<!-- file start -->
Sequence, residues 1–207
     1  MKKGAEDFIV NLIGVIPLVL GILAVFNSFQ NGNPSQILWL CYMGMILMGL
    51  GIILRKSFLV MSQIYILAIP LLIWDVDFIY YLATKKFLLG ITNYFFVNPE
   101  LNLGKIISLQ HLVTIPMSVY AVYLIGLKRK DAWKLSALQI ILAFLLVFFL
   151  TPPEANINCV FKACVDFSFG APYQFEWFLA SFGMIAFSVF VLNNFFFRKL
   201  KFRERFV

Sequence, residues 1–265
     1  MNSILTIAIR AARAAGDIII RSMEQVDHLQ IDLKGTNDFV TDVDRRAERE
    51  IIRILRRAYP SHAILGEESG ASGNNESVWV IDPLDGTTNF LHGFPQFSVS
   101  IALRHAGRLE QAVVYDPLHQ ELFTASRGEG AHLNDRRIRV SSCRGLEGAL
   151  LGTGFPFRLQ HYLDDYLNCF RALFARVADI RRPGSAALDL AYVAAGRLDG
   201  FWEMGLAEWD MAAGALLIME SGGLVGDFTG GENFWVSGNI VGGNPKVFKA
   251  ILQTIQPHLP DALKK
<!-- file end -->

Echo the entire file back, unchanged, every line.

Sequence, residues 1–207
     1  MKKGAEDFIV NLIGVIPLVL GILAVFNSFQ NGNPSQILWL CYMGMILMGL
    51  GIILRKSFLV MSQIYILAIP LLIWDVDFIY YLATKKFLLG ITNYFFVNPE
   101  LNLGKIISLQ HLVTIPMSVY AVYLIGLKRK DAWKLSALQI ILAFLLVFFL
   151  TPPEANINCV FKACVDFSFG APYQFEWFLA SFGMIAFSVF VLNNFFFRKL
   201  KFRERFV

Sequence, residues 1–265
     1  MNSILTIAIR AARAAGDIII RSMEQVDHLQ IDLKGTNDFV TDVDRRAERE
    51  IIRILRRAYP SHAILGEESG ASGNNESVWV IDPLDGTTNF LHGFPQFSVS
   101  IALRHAGRLE QAVVYDPLHQ ELFTASRGEG AHLNDRRIRV SSCRGLEGAL
   151  LGTGFPFRLQ HYLDDYLNCF RALFARVADI RRPGSAALDL AYVAAGRLDG
   201  FWEMGLAEWD MAAGALLIME SGGLVGDFTG GENFWVSGNI VGGNPKVFKA
   251  ILQTIQPHLP DALKK